Costa Mesa Mayor Sandy Genis called Friday night to make sure I’d seen the city’s press release regarding a temporary solution for the city’s stray animals now that the contract with the controversial OC Humane Society in Huntington Beach has ended.
And I was pleased the city signed an initial contract with the Newport Center Animal Hospital and Pet Hotel Suites, 1333 Avocado Ave., and its owner, Dr. Antony Rizk.
Genis agreed this was a good first step in the process and possibly in finding a permanent solution to the city’s shelter issue.
Located in Fashion Island, the hospital has impressive customer reviews on Yelp, unlike the OC Humane Society.
And the location is closer than OCHS, and will open more opportunities for Newport and Costa Mesa residents to adopt animals.
I called Rizk Monday and asked about his background and plans for Costa Mesa.
Rizk has worked with golden retriever and Labrador rescue and done pro bono work for the Orange County Animal Shelter.
But it was his time at OCHS in which I was mostly interested.
Rizk explained right out of veterinary school he worked for OCHS.
“I was basically an employee,” he told me.
Citing “professional courtesy,” he wouldn’t say anything negative.
“The big thing I want to give everyone is confidence we are a different facility,” he said. “We are all inside and climate-controlled.”
He’s open to the public taking tours, asking questions because he’s all about “transparency.”
Rizk understands the negativity surrounding OCHS and said it’s time to put that in the past.
“This is a new beginning,” he said. “I’m really excited and glad to be back in shelter medicine. We got our first three strays in today.”
As part of the city’s temporary solution, Rizk’s practice will receive $20,833 per month for veterinary services.
Rizk said the city is still trying to figure out how adoptions will be handled, due to insurance and liability issues.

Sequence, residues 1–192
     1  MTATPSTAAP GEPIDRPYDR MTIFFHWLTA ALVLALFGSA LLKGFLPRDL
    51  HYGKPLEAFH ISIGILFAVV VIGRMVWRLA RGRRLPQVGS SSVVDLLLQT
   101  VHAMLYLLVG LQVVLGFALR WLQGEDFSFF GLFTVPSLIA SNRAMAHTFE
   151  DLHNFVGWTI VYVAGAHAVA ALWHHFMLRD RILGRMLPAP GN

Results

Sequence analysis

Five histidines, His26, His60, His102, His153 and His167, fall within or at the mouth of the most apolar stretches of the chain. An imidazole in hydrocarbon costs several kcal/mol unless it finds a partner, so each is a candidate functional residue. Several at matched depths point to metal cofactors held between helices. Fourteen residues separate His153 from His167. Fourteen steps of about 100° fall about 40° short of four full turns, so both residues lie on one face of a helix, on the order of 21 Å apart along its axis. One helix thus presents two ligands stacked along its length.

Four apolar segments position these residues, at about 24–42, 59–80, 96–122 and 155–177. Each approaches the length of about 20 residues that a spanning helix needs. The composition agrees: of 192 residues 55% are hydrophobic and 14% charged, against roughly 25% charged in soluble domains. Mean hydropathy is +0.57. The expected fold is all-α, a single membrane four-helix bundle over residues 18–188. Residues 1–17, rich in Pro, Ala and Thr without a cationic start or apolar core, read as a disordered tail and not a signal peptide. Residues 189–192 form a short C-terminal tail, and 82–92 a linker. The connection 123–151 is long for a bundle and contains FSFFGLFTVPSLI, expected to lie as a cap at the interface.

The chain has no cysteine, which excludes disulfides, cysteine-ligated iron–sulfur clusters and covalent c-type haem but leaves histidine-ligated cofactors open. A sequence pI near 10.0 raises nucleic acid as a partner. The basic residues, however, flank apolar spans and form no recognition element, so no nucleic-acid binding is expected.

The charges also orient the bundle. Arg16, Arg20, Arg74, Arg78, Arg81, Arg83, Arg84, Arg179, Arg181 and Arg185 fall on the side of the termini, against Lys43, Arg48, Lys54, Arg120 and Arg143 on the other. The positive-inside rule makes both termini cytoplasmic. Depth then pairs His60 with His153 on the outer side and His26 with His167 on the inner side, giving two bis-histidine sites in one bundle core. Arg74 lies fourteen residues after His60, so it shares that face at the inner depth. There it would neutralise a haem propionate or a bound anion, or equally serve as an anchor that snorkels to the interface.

He’d prefer to take care of the animals on Day One, using the adoption process at his facility.
“I’m all about the animals. I don’t want to see animals suffer because people can’t make up their minds,” he said.
Admittedly, locations aren’t convenient to Costa Mesa, but the city is also contacting “almost every rescue organization in O.C. “to work on adoptions temporarily,” Councilman John Stephens explained.
Rizk is excited about working with the city and is already developing a plan to become its permanent animal-care solution.
He said by remodeling his facility’s second floor, providing a separate entrance, an isolation space for new arrivals and a “comfort room” where families can bring their own pets to meet potential adoptees, this would be a state of the art shelter/adoption facility.
And he’s willing to spend “what it takes” of his own money — an estimated $100,000, plus — to make the changes it if the city sees his office as a long-term solution.
In the interim, he’s eager to start a foster care program for cats and dogs and a volunteer training program. Those can’t get underway until the city sorts out volunteer procedures, insurance, etc.
Stephens said volunteers can get on a waiting list by calling the city at (714) 754-5000.
It’s commendable that city leaders have moved quickly here, but more, obviously, needs to be hashed out.
Stephens said he’s pleased the transition coincides with the launch of the city’s new Animal Services Committee.
“It gives them laser focus right out of the gate,” he said.
Committee member Christie McDaniel met with Rizk this week and toured the facility.
McDaniel told me she’s convinced Rizk will “do whatever he can to accommodate the concerns and questions that residents may have,” adding that he’s “kind and gracious.”
“No one loves animals more than me,” Rizk said, adding he plans on offering a free office visit to any animal adopted there, as well as discounts for future visits.
He doesn’t want the Fashion Island address to scare off folks concerned about pricing.
When he took over the practice in 2016, office visits cost upward of $70. Rizk reduced that to $48.
“I want this to be the shelter on Avocado that every knows and get rid of the stigma of doggie jail,” he quipped.
I like Rizk’s enthusiasm, sense of humor and genuine love for what he does.
Costa Mesa is on the right track here, and might be on the verge of becoming the gold standard in animal services.
BARBARA VENEZIA lives in Newport Beach. She can be reached at firstname.lastname@example.org.